“One of the many findings was the 1.1-degree statewide temperature increase between 1950 and 2006,” the article reports. “Scientists expect the average statewide temperature to rise by another 6 or 7 degrees by mid-century, and possibly as much as 9 degrees. Even discounting the worst-case scenario, that’s an acceleration over the increase between 1950 and 2006 by a factor of about eight.”

The rate of rise reported for 1950–2006 was 0.196 degrees per decade. To rise by 6 degrees by mid-century would require a decadal rate of 1.875 degrees ([6/32]*10), which is not eight but nine times the prior rate — and that’s just for the lowest number they present. So their math is a little off. For the highest, 9 degrees by mid-century, the decadal rate would have to be 2.8125 degrees, which is 14.35 times the prior rate.

But the really crucial question is, what basis have they for projecting that the rate of rise will increase by a factor of 9 to 14.35 times? Well, granted that we’re talking about the future, the only possible basis is computer modeling. Two problems then arise.

First, the computer global climate models have consistently predicted two to three times as much warming as actually observed, so it would make sense to adjust their projections of future warming downward by one-half to two-thirds, i.e., from “6 or 7 degrees by mid-century, and possibly as much as 9 degrees,” to “2 or 3, or 2.33 or 3.5 degrees by mid-century, and possibly as much as 3 to 4.5 degrees.”

Those would still indicate an increase in the decadal rate by a factor of 3.19 to 6.78 times instead of 9 to 14.35 times. What could justify the prediction of such an increase in the rate? Again, we’re left with only the computer models.

But, as the comparison between observed and predicted warming rates shows, the models haven’t been validated (a charitable way of putting it), and another important difference between predictions and observations pushes us hard toward the conclusion that the models are invalidated. What’s that?

It’s the fact that none of the models predicted the complete absence of statistically significant increase in global average temperature from early 1997 to late 2015, a period of roughly 18 years and nine months and typically called simply “the pause,” while various modelers had said in the late 2000s and early 2010s that a period of no statistically significant warming lasting eight or more years couldn’t be reconciled with the models.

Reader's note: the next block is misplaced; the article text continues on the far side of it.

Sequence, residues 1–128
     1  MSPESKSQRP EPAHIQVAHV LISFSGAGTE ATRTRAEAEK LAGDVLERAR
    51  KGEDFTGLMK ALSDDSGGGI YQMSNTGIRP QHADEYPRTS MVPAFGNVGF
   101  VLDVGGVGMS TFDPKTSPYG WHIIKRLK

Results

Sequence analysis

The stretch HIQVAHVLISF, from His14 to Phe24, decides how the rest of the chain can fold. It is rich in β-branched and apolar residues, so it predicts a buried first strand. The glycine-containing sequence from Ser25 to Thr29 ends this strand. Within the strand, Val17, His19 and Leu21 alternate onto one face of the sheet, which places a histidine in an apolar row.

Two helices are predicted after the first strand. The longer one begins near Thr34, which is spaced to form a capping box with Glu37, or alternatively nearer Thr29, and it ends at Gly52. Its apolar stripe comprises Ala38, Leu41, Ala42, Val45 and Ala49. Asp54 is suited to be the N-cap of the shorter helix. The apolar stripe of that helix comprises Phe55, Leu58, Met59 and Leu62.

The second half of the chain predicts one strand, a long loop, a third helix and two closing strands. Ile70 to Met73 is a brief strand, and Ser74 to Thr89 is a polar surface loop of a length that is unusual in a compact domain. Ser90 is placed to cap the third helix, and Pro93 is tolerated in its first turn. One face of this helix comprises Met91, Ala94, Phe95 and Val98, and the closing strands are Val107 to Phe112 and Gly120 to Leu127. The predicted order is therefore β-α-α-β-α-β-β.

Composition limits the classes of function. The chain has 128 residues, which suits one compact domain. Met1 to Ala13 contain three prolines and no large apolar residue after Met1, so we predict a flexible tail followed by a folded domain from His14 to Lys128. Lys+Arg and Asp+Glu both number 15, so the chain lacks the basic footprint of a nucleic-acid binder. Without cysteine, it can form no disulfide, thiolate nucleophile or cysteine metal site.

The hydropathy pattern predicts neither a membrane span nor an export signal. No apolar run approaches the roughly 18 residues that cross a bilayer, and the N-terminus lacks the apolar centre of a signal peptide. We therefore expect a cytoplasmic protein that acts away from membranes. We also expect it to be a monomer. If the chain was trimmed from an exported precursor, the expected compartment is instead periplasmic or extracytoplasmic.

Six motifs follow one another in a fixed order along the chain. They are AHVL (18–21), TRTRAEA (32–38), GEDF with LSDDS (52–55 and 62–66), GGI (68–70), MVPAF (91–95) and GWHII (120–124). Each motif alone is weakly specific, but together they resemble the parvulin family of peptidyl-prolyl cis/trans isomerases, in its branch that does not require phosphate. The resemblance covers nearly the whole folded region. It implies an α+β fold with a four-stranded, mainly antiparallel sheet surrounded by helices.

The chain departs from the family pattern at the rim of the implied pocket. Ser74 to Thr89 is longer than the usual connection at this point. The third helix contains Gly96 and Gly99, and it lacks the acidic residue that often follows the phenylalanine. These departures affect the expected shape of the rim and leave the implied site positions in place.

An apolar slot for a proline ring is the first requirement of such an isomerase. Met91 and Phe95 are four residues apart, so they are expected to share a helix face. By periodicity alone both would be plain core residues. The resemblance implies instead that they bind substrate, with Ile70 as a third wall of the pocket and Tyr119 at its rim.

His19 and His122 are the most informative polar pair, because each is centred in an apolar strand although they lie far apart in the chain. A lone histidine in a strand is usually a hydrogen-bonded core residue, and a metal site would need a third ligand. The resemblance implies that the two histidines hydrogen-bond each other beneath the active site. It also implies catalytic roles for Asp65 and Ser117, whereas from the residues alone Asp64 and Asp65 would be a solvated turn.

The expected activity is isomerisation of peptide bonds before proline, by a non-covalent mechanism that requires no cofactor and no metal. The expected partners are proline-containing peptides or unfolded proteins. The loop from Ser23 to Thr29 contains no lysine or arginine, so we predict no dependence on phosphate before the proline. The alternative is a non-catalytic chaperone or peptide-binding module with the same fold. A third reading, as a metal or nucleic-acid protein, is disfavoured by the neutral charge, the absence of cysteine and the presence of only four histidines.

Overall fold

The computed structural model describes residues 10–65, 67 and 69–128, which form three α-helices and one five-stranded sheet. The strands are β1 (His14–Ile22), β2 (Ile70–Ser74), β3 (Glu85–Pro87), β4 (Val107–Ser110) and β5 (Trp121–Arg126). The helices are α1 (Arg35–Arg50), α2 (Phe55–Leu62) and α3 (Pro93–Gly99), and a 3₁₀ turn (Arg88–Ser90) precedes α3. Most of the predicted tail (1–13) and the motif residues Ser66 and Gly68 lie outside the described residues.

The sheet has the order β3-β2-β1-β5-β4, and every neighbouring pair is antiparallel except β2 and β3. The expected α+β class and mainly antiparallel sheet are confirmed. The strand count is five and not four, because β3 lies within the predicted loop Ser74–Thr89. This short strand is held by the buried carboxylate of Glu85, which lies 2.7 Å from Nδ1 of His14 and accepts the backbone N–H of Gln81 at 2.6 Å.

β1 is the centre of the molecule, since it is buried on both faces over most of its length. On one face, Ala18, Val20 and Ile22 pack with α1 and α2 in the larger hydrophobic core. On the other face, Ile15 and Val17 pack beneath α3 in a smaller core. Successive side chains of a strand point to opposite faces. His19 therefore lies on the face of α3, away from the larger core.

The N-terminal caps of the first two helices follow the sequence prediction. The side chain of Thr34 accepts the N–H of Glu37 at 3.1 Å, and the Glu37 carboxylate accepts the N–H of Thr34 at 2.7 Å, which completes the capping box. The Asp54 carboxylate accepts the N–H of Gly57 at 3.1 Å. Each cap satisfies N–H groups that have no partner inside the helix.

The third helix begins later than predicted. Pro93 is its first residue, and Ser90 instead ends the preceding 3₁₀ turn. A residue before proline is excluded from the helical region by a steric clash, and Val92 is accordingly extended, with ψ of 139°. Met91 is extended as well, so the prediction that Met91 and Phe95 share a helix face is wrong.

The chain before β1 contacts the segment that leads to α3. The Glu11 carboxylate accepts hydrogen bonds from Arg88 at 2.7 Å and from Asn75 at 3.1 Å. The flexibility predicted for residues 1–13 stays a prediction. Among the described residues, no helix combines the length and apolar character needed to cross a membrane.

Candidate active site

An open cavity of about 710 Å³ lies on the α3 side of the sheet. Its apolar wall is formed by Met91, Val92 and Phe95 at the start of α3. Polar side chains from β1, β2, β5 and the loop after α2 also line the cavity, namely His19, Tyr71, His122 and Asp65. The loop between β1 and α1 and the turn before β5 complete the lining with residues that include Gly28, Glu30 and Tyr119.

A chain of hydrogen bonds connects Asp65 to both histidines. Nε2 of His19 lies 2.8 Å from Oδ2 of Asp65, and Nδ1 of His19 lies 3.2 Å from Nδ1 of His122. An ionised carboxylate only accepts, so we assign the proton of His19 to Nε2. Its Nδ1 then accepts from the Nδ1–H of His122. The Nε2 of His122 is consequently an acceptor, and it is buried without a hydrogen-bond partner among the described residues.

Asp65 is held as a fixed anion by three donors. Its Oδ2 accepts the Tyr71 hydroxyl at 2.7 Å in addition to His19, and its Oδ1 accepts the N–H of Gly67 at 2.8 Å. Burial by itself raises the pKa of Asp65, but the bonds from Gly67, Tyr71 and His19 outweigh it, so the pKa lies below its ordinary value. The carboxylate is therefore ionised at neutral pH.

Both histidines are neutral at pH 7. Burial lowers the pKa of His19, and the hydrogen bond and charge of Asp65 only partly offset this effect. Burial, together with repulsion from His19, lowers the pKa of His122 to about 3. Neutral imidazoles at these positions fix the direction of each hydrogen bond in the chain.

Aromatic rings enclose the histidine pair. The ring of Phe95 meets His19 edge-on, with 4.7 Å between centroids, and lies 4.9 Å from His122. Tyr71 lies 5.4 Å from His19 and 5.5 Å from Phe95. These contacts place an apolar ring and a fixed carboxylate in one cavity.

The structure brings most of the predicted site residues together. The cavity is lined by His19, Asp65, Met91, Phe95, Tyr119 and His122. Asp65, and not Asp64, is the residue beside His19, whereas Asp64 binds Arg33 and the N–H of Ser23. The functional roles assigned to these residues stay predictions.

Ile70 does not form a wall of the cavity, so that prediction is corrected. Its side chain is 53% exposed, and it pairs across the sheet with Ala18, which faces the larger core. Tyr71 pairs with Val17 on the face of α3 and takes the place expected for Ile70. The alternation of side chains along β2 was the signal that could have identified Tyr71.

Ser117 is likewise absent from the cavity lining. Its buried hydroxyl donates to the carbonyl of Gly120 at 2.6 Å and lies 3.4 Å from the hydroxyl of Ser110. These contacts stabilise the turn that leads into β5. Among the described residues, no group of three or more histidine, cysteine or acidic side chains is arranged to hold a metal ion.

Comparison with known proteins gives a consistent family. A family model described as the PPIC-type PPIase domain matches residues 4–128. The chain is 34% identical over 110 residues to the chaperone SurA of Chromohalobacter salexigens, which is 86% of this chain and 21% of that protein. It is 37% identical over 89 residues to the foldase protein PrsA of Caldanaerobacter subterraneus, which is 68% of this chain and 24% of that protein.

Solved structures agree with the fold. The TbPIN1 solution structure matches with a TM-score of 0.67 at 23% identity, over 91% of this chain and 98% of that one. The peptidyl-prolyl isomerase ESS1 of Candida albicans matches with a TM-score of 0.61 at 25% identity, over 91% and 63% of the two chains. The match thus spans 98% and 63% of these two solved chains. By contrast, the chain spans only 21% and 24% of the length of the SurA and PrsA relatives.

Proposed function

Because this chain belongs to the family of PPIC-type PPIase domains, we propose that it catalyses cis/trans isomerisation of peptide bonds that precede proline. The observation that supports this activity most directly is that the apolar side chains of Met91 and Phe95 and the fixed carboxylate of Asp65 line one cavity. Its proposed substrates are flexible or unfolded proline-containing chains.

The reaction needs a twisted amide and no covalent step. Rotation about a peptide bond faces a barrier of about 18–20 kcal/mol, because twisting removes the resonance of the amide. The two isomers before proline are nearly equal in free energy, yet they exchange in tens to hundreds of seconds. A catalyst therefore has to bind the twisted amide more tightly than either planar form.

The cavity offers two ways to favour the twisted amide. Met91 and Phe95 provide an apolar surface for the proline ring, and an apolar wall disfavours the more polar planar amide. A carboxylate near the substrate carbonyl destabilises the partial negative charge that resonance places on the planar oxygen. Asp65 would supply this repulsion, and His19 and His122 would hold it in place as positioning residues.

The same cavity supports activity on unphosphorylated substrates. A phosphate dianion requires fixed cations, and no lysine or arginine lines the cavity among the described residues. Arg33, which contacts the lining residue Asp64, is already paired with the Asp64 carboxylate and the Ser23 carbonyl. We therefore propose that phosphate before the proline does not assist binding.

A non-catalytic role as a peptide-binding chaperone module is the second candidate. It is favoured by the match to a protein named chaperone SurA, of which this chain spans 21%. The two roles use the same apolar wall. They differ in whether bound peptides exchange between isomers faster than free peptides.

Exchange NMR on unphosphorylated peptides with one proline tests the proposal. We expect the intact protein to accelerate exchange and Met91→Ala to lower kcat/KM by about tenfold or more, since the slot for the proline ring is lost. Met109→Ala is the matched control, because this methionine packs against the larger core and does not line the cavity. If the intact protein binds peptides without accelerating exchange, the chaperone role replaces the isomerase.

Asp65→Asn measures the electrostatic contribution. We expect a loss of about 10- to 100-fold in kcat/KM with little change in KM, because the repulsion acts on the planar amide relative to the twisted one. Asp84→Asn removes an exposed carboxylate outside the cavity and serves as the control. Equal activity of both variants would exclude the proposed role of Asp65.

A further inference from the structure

Even more important, the computer models’ predictions, inflated as they have been, and as wrong as they were about the pause, predict that warming (two to three times observed) to be driven 100% by human activity, none at all by natural. But there are two problems with that assumption.

The first is that the fact of past warming in the absence of the alleged human causes demonstrates that we can’t be sure a priori that human activity drove all the observed warming.

The second is that recent research by John Christy, Joseph D'Aleo, and James Wallace finds that if you control for solar, volcanic, and ocean current (especially El Niño/La Niña Southern Oscillation), no warming is left to blame on human activity.

The article also assumes that the warming predicted will be harmful to people — e.g., in the discussion of heart waves. But, as I pointed out above, cold snaps kill 10 times as many people per day as heat waves, which implies that with warming you’ll get a reduction in temperature-related deaths. Further, simply looking at migration patterns for temperature-sensitive people — primarily the aged — tells you they recognize that they’re healthier in warmer than in colder climates. They move closer to the equator, not farther from it.

In short, insofar as the article, and the research on which it’s based, is intended to persuade people that we should “do something” to prevent the feared warming, and insofar as we can only “do something” about the human causes of it, not about natural causes, both the article and the research paper commit the post hoc fallacy. Seeing that some warming has occurred, and predicting that more warming will occur, they jump to the conclusion that it must be caused by human activity. But there are other possible causes, they can’t be ruled out, and the Christy-D'Aleo-Wallace research makes it quite likely that natural causes far outweigh human causes.

SOURCE